Michelle Rathgaber, Arkansas Archeological Survey
"Archeology is..." series - May 2024

Long bone fragments that have been cut off at the top end (pen cap for scale).
Zoology is the study of animals. Specifically, per the Merriam Webster Dictionary, it is a branch of biology concerned with the classification and the properties and vital phenomena of animals. So basically, it is studying all aspects of animals from where they live, who they live with, and what they eat, to how their bones are shaped, how they evolved into what they look like now, how each of their organs and organ systems work, what they are like on a cellular level, and even details more minute than that (like DNA or isotopes of strontium, but that’s another article). As a zooarcheologist, I study animals associated with the human past. As Mel wrote about when describing how archeology is anthropology, archeology deals with humans. But humans deal with animals in a variety of ways—and have throughout history—so the study of animals is essential to the study of archeology and understanding human lives in the past.
At the most basic and essential level, zooarcheologists identify animal bones from archeological sites so that we can understand what animals people had access to in the past. Access can mean a lot of different things and zooarcheologists help to figure this out. Sometimes access means use as a food source. If there are cut marks (tiny lines on the bone made when a stone tool hit the bone when cutting through muscle) on the bone or a large assemblage of meat heavy bones (like the upper legs), this often indicates that the animal was used as food. Sometimes access means commensal animals (such as mice, snakes, frogs, etc.) that live alongside humans. They aren’t pets, but they aren’t necessarily pests either.  When almost every bone from a single small animal is present this can mean that the animal was scavenging and got caught in a place where it couldn’t escape (like a trash pit) and it died there. Sometimes access can mean companion animals. Archeologists sometimes find whole animals in a context that tells us that they were purposefully buried, rather than accidentally trapped, so the animals were likely companions (like a dog or cat today).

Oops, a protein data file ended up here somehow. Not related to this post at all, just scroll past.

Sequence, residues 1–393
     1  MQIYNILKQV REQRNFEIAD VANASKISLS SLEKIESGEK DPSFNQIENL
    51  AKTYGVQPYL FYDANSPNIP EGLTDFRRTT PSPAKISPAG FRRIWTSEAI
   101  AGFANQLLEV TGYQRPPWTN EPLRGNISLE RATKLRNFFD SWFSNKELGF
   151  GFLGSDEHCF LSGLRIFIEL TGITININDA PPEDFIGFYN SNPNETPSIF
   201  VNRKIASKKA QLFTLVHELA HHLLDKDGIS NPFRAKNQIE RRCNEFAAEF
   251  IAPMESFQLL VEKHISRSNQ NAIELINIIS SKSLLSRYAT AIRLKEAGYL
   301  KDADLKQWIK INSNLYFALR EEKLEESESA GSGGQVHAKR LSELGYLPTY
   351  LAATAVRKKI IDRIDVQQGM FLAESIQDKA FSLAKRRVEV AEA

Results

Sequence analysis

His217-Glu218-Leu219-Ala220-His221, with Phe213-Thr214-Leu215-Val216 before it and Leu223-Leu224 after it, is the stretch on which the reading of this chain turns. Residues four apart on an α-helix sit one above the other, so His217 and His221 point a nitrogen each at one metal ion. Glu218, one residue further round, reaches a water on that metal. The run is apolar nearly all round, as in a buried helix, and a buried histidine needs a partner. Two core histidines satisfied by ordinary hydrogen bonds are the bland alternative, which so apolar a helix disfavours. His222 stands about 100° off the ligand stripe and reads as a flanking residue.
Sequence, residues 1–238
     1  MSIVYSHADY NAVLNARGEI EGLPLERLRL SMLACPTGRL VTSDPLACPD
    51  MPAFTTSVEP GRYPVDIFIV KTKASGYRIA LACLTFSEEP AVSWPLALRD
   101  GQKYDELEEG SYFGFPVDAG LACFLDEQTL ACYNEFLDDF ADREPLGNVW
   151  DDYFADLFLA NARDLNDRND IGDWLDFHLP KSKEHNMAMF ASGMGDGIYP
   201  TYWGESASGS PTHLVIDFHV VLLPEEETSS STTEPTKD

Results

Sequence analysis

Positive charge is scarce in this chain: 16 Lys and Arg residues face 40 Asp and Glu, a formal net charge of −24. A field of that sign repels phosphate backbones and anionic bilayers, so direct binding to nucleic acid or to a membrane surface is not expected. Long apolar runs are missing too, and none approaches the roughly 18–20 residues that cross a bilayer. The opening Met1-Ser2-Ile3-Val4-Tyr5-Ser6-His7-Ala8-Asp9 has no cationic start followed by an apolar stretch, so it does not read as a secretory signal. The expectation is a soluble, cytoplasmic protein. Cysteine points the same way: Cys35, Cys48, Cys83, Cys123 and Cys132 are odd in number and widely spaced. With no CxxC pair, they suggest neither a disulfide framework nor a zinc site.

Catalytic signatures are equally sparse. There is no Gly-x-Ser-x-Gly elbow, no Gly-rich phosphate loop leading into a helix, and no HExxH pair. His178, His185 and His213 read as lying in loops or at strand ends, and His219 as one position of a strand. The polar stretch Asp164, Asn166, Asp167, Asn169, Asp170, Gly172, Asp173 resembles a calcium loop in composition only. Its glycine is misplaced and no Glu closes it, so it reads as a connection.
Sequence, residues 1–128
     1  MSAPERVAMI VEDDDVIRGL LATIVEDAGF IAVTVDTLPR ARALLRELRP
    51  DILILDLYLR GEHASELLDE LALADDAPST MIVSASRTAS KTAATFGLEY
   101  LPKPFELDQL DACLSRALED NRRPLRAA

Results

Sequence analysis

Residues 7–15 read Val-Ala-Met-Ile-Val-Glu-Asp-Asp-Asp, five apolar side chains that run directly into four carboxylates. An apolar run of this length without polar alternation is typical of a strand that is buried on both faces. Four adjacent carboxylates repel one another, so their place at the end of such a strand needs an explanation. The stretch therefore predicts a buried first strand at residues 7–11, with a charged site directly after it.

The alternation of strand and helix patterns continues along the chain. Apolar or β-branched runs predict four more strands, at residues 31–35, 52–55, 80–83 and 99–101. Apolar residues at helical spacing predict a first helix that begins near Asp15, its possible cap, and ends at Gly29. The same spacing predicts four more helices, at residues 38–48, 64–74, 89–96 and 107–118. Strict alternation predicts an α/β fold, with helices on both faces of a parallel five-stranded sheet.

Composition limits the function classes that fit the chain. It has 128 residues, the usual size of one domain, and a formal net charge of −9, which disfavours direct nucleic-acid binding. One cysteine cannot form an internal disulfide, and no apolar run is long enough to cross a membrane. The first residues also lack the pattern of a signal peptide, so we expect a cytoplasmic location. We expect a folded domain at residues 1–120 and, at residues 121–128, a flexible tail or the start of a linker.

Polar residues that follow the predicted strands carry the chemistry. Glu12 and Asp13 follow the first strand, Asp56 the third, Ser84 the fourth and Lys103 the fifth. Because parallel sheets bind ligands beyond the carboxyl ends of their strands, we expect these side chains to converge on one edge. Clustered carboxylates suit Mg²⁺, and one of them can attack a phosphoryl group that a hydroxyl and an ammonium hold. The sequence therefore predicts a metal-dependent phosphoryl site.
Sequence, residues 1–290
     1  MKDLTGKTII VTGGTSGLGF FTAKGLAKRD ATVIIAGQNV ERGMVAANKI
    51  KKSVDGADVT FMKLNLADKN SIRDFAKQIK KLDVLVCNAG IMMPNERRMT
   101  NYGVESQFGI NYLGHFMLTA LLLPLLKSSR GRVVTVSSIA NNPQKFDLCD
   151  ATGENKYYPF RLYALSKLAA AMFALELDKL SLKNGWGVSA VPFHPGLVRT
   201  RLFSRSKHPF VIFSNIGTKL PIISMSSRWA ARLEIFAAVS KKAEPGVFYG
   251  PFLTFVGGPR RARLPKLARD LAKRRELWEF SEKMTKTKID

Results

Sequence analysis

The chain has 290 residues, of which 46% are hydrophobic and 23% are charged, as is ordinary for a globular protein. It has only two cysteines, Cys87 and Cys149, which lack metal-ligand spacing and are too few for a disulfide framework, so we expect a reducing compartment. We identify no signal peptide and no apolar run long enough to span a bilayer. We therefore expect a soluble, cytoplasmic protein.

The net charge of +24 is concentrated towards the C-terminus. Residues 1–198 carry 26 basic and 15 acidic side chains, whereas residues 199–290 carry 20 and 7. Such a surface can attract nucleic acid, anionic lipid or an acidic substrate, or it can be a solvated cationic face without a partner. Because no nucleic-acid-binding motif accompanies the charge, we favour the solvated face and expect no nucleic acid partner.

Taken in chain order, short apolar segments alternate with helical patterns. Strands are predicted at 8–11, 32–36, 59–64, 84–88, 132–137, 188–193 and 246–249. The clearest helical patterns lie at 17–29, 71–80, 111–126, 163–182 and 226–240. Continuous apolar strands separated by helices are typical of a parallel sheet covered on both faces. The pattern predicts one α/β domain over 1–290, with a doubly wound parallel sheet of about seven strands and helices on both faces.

Faunal remains of a young deer.
If archeologists find a large enough assemblage of one type of herd animals’ bones on any given site, zooarcheologists can give insight into how people were interacting with those animals. In parts of the world where people domesticated sheep and goats, zooarcheologists can examine the age and sex of the animals that were killed to learn if people were keeping them for meat, milk, or wool. If there are sites that date back long enough into the past in some areas, zooarcheologists can look at the skeletal changes in animals as they were domesticated by people in a region.
More recently, isotope and DNA analysis of animal bones have become important sources of information that zooarcheologists can use to understand animals in the past. Isotopes can help us to understand what animals ate and if they lived in a different area when they were born than when they died. DNA analysis can help us to understand genetic differences in animals through time and across space. As the field of zoology itself advances, zooarcheology advances as well. If you are interested in zoology but looking for an alternative to the common zoological careers of veterinarian, zookeeper, researcher, or medical doctor, think about applying your skills and knowledge to the field of archeology.

“Archeology is…” Series Information

In this series we plan to highlight the many and various things that Are Archeology, from Art to Zoology and everything in between. We hope you enjoy learning a bit more about the variety of things that archeologists do and specialize in and maybe it will inspire you to be an archeologist even if you love learning about things in another field. You can find all the entries here.